SHUT UP! Stop Talking and Start Making Money by Dave Warawa. Yes, while I’m biased, how can I fail to recognize my own book after reading well over 350 sales, business, motivation and organizational books in my lifetime? I was one of the least likely people to be in sales and wanted to quit after 2 years because I so was bad. I then realized that the greatest power of influence with buyers was to SHUT UP and start asking questions – great questions that other Salespeople would never think to ask. Suddenly, decision makers were engaging with me in finding solutions to their challenges and the sales came naturally. This book is 100% based on the practicality of 30 years of experience as a fully commissioned Salesperson with no base salary. The mistakes I made, their solutions and how I learned to pursue the right clients who had a sense of urgency to take action is inside this book.
Many great Salespeople are promoted into management and quickly realize that the skill set for success is totally different. No longer is it your job to prospect, evaluate needs and create solutions for your clients. It’s your job as Sales Manager to teach, coach, support and inspire Salespeople to greatness. You need to read excellent books to work on the skills of leadership, teamwork and coaching. Here’s what you need to be reading.
Pick any 2 books from above. If you’re going to be a great Sales Manager, you best lead by example and show your team that you’re reading what you’re suggesting to them.
The Accidental Sales Manager by Chris Lytle. “Accidental” is the key word here. This is a follow up to Lytle’s first book The Accidental Salesperson which is also worthy of consideration. Many of us never picked sales as a career, it picked us. The same goes with management. Lytle talks about the differences from walking the sales floor from Salesperson to Sales Manager and tells you what you need to do to lead your team to success. This book is your GPS in knowing how to control and lead your sales team to record profits. Every Sales Manager who has read this book says to me “Why didn’t I read this when I started in management?”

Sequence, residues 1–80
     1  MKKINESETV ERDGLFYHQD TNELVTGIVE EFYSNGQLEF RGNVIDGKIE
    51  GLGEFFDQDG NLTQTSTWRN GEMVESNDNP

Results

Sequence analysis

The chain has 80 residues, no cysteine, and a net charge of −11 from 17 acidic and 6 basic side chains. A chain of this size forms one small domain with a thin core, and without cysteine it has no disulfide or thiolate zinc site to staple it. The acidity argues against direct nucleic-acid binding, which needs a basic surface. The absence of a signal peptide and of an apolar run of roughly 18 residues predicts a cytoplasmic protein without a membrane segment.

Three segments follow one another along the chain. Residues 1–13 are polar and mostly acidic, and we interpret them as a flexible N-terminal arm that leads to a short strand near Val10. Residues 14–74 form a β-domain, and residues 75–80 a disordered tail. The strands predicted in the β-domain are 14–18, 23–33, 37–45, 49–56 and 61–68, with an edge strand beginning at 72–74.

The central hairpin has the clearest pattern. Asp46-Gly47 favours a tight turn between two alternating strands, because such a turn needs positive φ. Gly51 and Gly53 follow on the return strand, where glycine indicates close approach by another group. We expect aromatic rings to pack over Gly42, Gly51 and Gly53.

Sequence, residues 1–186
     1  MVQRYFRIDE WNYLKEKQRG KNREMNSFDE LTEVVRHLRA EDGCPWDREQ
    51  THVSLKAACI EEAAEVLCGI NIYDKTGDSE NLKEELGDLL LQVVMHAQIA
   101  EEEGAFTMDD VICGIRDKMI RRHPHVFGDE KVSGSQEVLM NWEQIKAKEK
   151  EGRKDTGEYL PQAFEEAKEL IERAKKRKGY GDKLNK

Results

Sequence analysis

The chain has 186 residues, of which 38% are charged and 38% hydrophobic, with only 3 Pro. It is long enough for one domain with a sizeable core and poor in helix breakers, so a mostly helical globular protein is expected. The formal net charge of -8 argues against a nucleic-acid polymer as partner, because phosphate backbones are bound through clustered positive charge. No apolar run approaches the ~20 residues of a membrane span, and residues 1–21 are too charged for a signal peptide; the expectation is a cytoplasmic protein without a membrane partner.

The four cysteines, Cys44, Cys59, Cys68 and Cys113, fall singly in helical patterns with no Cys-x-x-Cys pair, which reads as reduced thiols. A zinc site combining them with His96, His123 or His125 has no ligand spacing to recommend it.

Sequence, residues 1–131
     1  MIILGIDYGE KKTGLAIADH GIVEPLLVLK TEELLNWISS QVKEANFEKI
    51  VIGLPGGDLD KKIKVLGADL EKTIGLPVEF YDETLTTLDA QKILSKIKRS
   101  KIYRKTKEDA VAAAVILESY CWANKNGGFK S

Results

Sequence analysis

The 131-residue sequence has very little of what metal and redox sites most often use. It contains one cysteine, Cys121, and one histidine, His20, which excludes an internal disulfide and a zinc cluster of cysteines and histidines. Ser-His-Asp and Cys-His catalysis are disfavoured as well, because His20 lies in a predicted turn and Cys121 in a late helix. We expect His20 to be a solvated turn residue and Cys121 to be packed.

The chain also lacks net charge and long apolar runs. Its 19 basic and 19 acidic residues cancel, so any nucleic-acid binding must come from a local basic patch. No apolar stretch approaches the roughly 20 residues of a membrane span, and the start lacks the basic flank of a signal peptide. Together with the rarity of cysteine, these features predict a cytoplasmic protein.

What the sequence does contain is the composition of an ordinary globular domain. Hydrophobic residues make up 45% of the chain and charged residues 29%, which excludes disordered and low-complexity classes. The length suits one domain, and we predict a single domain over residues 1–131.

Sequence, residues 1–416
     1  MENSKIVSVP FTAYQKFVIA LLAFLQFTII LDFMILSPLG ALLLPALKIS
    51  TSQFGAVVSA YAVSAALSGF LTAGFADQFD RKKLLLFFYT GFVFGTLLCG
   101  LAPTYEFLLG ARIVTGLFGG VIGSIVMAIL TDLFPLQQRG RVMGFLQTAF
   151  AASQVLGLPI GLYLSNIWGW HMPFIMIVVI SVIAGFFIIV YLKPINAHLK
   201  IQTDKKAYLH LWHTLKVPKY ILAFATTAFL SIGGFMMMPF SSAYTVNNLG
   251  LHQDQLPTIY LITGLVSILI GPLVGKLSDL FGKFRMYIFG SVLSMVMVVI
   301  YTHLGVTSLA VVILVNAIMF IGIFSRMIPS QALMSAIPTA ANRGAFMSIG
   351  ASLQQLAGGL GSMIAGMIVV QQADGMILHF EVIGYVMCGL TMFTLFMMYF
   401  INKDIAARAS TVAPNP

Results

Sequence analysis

Sales Management. Simplified by Mike Weinberg. I’m a big fan of Mike Weinberg because he doesn’t sugar coat things and dance around issues. You can tell the direction of the book from the names of these chapters “You Can’t Effectively Run a Sales Team When You’re Buried in Crap,” “Playing CRM Desk Jockey Does Not Equate to Sales Leadership,” and “You can Manage, You Can Sell, but You Can’t Do Both at Once.” Mike makes no apology for his candor and cites nameless examples of companies who hired him to solve the mess they had created. Be prepared to laugh out loud at some of his examples of the stupid mistakes companies make. Buy two highlighters for this book, because you’ll need them.
So, here’s my challenge to you. Are you ready to buy some great books and make a commitment to self-improvement and driving more sales? 15 minutes per day. That’s all it takes for a wealth of knowledge and practicality to become a top-producer and leader.
Or are you going to be the guy around the office that says it’s the company’s job to provide training for its people? I always love to tell Salespeople and Sales Managers that you have the career choice of selecting one of two words that start with the letter “V” – Victim or Victor? You decide.
If you’re more interested an learning via on online sales training program, check out The Sales Skills Incubator on our website. Feel free to take the free trial and start 2019 with the right attitude, skill set and action plan.
Dave Warawa – PROSALESGUY